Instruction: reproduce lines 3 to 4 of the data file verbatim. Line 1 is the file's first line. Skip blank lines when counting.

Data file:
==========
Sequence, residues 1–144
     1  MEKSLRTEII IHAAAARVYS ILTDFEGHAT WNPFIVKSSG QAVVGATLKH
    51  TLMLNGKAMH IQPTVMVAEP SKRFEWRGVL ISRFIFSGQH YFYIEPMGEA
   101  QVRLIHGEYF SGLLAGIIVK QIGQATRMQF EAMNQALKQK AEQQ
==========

    51  TLMLNGKAMH IQPTVMVAEP SKRFEWRGVL ISRFIFSGQH YFYIEPMGEA
   101  QVRLIHGEYF SGLLAGIIVK QIGQATRMQF EAMNQALKQK AEQQ